- It is believed that the castle fell into the hands of the Elder of Wallachia, Prince Mircea at some point.
- The castle is located along the boundary of the historic regions of Wallachia and Transylvania.
- The center of the castle has a luscious courtyard, which was a common elevation feature of that period.
- Bran Castle was built in record time by 1382 and also consisted of a customs station.
- The castle acted as a defense between 1438-1442 against the Ottoman army.
- Today it remains open to visitors who can explore its many interesting rooms and corridors, including the spectacularly Gothic-style 'Dracula's Hall'.
- There are many theories about how the castle got its name: some people believe that it comes from the word 'bran' meaning gatekeeper; others think it refers to an ancient Romanian family named 'Bran'.
Bran Castle And Dracula
The castle has been a popular destination for tourists since the early 1900s when it became associated with Vlad III Dracula (1431-1476), one of Romania's most famous rulers who ruled from 1456 until his death in 1476.
- The Count Dracula legend, although a figment of human imagination, has highly benefitted tourism in Romania.
- Bram Stoker's 'Dracula' novel describes Bran castle as the residency of Count Dracula, however, the analysis showed many differences in the descriptions. Bram Stoker also describes a river, similar to the one near the Bran castle.
- The castle was never the house of a vampire as no evidence indicates Vlad the Impaler or Vlad Dracula ever lived in the Bran Castle.
- Vlad the Impaler did spend around two months within the Bran Castle, involuntarily.
- Vlad the Impaler was locked in the castle by the army of Matei Corvin, the Hungarian king.
- Poneari Castle is also linked to Vlad the Impaler, or Dracula, as it is believed that repaired the Poenari castle and made it his fortress.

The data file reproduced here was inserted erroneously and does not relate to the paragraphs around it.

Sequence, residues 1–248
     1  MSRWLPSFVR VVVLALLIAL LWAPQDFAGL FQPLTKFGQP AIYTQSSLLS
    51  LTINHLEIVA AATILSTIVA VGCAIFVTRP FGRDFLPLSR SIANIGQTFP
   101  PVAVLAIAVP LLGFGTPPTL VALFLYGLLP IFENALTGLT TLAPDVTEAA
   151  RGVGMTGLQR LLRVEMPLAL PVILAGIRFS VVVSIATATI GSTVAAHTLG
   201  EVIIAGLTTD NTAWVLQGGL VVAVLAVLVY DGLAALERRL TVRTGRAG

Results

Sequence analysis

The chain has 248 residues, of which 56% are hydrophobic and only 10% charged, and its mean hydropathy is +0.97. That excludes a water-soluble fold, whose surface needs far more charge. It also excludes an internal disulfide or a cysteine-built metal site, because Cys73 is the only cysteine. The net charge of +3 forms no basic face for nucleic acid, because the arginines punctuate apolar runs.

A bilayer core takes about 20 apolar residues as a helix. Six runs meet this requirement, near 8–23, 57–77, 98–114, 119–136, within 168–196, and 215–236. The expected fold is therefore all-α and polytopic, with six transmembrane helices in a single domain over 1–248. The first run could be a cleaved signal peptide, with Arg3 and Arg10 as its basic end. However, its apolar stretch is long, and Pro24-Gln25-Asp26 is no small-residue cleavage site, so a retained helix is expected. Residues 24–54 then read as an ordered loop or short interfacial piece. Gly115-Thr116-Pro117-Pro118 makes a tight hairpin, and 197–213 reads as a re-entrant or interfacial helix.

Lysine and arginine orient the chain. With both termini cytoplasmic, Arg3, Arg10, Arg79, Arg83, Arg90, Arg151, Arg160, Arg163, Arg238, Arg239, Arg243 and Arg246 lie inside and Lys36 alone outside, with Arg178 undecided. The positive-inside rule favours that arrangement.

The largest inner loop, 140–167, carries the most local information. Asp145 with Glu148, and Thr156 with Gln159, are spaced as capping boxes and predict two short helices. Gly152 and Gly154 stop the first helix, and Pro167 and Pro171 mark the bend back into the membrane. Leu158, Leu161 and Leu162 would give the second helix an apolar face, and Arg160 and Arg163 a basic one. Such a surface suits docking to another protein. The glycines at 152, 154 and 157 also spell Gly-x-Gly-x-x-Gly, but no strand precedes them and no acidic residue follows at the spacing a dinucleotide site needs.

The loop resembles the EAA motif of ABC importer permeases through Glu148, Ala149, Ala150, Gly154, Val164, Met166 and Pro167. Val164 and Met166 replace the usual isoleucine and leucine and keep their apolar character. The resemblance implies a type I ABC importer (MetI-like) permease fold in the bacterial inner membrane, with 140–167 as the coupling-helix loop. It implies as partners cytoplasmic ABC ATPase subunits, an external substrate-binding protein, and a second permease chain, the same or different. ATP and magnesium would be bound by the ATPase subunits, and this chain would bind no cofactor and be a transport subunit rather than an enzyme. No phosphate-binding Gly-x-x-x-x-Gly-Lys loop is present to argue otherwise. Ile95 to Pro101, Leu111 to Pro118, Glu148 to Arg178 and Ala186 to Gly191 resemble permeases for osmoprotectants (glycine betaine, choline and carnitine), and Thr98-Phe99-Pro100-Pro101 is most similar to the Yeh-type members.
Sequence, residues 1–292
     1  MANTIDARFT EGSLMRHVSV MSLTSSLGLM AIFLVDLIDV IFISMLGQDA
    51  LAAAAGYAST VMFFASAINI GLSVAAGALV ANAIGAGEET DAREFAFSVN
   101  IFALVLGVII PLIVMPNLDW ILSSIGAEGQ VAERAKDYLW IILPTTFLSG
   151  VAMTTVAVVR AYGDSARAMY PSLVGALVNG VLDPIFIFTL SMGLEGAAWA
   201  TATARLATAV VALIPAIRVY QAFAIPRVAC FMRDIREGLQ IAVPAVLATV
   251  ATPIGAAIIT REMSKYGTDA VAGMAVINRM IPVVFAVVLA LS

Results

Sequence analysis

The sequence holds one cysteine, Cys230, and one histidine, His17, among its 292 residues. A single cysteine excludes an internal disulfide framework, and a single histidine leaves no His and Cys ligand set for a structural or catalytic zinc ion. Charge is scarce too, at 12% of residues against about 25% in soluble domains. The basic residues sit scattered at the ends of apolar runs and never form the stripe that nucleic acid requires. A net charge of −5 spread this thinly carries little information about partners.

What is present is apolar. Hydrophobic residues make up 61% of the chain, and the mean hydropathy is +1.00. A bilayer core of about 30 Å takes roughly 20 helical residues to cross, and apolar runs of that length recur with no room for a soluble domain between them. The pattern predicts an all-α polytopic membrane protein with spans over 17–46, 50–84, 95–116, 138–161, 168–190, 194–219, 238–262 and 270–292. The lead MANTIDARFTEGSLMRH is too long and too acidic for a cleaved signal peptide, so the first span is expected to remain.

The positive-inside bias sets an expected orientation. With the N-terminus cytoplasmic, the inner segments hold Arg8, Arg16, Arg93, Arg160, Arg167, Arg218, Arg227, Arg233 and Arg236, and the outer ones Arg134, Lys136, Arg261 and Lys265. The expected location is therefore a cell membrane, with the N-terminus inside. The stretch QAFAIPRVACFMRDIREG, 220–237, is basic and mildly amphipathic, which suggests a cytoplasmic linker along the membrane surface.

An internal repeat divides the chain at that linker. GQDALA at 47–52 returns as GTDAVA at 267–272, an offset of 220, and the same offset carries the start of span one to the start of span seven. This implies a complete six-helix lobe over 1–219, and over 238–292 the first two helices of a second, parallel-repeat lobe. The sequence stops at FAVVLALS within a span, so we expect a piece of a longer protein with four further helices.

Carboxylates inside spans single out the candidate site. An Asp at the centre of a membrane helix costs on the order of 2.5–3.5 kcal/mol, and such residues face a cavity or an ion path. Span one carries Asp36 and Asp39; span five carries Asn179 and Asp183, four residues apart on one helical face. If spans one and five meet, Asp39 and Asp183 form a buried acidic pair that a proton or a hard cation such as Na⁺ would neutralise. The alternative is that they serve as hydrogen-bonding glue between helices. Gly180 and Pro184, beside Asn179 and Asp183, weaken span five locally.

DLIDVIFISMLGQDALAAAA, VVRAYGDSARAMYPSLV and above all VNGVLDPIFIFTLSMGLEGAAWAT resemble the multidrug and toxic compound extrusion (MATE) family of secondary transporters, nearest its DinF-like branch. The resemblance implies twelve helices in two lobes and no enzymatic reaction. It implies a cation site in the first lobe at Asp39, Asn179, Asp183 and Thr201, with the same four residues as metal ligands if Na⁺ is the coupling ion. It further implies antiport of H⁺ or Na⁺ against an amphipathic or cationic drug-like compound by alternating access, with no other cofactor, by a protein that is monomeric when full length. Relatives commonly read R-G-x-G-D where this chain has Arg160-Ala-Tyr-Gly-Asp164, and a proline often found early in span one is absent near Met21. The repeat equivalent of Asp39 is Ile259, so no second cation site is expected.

- When the boundary between Wallachia and Transylvania was moved in 1836, the castle lost its military and commercial importance.
- The castle was under decay for 30 years when it was transferred to the forestry of that region.
Facts About Bran Castle
The first mention of Bran Castle was in 1242, while other documents refer to its existence as late as 1377 – but these were not accepted by historians due to their questionable authenticity.
- There is a secret passage in Bran Castle. This secret passage was an escape tunnel in an emergency and is a connection between the first and third floors.
- The castle became the country's first private museum in 2009. It is a national monument also known as Bran Fortress.
- There is a tea house at the foot of the castle among the palatial garden.
- A small chapel was built on the south side of the castle wall in 1940 to honor the queen.
- The costumes of Queen Marie and King Ferdinand are displayed with heraldic banners, weapons, and other suits of armor.
- The room of King Ferdinand has a piece of ornate furniture with a view of the commune down below.
- The castle was occupied by forest inspectors and woodsmen until 1918.
- Until the 18th century, the castle played an essential role in the military.